Australia’s insulation industry has called for stronger energy standards for buildings under Australia’s National Construction Code to ensure a zero carbon future. Insulation Australasia Chair Scott Gibson observes that tougher standards would benefit consumers as well as the environment, by ensuring more comfortable and energy-efficient homes and buildings.
According to Gibson, they need a building code that is geared towards a zero net emissions economy in 2050. While construction costs may slightly increase, they will be more than offset by long-term energy savings.
Observing that the path to net zero starts with more airtight buildings and improving the building envelope, he added that the insulation industry was ready to play its part in meeting this critical challenge.
A report released recently by the Australian Sustainable Built Environment Council (ASBEC) and ClimateWorks Australia called on the Building Ministers Forum and the COAG Energy Council to commit to a ‘Zero Carbon Ready’ code to be implemented across the building sector.
The report, Built to Perform, also calls on governments to broaden the code to meet future sustainability challenges and to provide certainty to industry with clear targets and processes encouraging investment in more energy efficient buildings.
The changes would be a crucial part of meeting Australia’s commitment to the Paris Climate Agreement, the report says.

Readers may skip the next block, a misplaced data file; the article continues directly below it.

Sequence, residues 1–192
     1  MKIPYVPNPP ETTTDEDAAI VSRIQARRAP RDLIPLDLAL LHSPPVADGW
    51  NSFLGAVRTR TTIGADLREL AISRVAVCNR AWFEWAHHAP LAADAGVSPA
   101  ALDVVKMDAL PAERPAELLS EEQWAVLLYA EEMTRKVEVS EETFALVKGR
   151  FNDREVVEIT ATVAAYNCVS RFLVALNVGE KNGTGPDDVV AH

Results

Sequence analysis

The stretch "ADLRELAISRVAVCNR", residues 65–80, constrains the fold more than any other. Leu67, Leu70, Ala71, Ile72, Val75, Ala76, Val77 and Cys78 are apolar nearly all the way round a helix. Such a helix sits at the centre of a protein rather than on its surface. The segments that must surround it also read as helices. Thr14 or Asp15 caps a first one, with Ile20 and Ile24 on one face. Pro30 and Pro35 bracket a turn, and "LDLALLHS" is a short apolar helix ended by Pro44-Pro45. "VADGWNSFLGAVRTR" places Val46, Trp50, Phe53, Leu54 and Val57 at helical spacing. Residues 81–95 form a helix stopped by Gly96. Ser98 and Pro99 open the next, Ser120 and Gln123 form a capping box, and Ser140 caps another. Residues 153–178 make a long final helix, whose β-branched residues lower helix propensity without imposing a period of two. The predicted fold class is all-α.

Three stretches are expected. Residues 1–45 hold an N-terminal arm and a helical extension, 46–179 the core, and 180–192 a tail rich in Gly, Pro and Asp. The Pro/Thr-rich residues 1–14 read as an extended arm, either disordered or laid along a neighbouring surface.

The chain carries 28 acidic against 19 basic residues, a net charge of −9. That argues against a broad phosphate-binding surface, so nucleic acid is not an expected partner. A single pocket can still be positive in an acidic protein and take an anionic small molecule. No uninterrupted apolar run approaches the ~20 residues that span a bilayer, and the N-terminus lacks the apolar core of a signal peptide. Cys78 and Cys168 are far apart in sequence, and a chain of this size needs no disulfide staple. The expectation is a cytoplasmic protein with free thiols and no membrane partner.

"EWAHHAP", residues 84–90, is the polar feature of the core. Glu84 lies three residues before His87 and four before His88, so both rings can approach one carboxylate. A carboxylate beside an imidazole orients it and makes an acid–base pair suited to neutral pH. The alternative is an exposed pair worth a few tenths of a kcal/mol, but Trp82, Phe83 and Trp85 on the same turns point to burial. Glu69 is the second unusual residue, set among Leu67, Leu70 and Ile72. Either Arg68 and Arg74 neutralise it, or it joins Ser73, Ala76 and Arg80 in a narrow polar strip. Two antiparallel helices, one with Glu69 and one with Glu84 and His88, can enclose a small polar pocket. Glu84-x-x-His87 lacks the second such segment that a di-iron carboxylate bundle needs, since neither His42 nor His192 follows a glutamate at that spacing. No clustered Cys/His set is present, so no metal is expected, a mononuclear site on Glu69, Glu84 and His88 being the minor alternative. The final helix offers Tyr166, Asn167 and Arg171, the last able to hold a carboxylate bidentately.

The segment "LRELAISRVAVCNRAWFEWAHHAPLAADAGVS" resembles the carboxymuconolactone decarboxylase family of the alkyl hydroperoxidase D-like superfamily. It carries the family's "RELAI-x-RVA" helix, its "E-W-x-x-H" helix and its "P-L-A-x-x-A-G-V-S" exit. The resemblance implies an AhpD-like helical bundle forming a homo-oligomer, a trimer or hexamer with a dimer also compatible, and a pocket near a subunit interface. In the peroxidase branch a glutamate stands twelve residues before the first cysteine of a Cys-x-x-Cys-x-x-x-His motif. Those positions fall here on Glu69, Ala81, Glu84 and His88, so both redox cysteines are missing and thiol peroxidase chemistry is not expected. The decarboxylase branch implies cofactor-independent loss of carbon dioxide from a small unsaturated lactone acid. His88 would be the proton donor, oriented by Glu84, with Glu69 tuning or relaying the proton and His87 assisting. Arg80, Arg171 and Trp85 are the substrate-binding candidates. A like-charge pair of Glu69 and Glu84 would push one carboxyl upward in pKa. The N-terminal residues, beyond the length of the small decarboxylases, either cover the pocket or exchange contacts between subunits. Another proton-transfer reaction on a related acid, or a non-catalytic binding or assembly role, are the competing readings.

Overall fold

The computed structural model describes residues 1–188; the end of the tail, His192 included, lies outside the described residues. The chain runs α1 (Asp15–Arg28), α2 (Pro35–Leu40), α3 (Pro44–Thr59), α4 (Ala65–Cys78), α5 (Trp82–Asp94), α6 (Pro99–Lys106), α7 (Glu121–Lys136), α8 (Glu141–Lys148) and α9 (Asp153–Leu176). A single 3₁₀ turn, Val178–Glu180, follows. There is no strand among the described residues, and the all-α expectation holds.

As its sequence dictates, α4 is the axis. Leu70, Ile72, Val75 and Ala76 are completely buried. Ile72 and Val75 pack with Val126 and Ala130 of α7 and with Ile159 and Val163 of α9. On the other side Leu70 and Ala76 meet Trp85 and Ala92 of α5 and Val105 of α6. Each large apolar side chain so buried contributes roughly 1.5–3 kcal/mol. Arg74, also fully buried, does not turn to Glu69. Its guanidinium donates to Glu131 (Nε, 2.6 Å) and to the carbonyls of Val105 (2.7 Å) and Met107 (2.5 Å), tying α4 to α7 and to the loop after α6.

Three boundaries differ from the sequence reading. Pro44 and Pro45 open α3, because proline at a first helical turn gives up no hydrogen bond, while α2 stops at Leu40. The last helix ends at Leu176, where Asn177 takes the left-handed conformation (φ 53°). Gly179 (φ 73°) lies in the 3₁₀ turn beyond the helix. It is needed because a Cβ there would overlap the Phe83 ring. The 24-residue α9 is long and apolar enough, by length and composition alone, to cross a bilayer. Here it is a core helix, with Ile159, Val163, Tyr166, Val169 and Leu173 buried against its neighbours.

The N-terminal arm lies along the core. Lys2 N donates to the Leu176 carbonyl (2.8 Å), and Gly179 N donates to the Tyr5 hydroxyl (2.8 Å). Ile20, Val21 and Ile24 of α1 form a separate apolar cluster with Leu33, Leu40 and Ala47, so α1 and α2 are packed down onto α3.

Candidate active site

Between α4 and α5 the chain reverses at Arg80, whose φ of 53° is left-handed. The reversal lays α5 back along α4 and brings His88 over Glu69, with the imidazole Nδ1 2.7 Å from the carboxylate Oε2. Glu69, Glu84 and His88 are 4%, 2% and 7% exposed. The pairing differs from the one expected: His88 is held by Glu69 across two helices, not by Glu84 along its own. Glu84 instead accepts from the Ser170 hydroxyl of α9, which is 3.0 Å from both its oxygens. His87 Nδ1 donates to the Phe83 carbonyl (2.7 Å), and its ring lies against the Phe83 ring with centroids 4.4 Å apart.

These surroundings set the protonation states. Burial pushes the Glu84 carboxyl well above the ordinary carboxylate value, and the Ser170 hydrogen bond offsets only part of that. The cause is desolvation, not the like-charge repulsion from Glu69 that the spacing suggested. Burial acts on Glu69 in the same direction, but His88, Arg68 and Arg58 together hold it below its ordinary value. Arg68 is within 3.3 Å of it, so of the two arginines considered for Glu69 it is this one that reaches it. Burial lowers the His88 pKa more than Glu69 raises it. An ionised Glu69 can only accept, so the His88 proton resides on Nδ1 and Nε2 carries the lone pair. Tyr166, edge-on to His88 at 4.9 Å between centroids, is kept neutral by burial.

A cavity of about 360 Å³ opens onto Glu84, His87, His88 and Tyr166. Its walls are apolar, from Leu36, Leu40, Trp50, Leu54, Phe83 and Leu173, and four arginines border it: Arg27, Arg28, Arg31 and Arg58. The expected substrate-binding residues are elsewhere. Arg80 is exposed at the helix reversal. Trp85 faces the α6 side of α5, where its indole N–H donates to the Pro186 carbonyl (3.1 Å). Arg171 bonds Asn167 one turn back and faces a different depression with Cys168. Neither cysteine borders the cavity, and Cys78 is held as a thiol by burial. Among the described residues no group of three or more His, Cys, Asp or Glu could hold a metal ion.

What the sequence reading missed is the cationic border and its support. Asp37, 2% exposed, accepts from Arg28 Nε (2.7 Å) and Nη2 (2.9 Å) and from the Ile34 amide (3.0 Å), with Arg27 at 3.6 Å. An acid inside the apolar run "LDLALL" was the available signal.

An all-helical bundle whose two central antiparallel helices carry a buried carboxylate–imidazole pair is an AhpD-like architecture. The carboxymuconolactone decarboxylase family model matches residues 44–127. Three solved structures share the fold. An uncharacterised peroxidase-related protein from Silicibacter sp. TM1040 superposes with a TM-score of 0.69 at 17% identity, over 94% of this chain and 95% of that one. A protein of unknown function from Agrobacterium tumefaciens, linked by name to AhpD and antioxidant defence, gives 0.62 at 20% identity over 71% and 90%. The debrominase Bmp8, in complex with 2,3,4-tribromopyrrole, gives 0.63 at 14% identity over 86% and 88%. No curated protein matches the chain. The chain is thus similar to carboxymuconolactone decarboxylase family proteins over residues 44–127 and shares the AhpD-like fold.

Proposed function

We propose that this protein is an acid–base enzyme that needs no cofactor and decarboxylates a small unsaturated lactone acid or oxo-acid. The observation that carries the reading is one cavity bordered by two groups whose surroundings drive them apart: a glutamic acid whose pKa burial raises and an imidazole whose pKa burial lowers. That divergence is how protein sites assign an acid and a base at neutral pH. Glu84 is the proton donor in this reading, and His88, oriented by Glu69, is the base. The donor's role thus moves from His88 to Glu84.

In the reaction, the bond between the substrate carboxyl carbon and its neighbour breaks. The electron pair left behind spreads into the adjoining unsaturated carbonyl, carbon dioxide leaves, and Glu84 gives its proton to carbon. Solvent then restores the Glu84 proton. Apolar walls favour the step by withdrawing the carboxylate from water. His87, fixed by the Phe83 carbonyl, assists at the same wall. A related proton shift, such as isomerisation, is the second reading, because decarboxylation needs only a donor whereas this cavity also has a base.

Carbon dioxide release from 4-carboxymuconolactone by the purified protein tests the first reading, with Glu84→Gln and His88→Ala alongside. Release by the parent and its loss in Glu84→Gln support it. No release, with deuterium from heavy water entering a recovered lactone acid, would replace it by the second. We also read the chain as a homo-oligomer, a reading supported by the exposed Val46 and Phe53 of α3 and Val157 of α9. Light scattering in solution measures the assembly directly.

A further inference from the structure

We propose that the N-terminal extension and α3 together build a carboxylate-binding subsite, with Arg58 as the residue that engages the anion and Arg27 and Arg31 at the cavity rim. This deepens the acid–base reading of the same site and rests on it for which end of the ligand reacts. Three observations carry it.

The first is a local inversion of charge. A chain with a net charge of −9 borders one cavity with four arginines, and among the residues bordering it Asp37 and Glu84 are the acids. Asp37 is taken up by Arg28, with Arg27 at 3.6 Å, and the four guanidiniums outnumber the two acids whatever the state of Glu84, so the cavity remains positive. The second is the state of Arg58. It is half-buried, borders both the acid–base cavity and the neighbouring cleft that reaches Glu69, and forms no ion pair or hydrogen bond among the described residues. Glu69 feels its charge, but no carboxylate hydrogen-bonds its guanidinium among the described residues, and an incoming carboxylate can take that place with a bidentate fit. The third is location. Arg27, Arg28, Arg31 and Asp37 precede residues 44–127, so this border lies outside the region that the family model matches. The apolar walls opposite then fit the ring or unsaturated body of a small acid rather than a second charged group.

Gibson says that government must act to ensure buildings being built now will operate in a zero carbon future.
Energy gaps in home and building construction must be plugged now to benefit both consumers and the environment. The improved levels of energy efficiency will cut emissions in the building industry by more than half.
While the technology is already there, this issue demands the attention of Federal, State and Territory governments through strong policies and urgent action including establishing a national plan, creating targeted incentives, and ensuring a stronger construction code is introduced and enforced.
The report found that even the most conservative improvements in Code energy efficiency requirements could deliver between 19 and 25 percent of the energy savings required to achieve net zero energy in new residential buildings, up to 34 percent of the savings for commercial sector buildings, and up to 56 per cent for public sector buildings.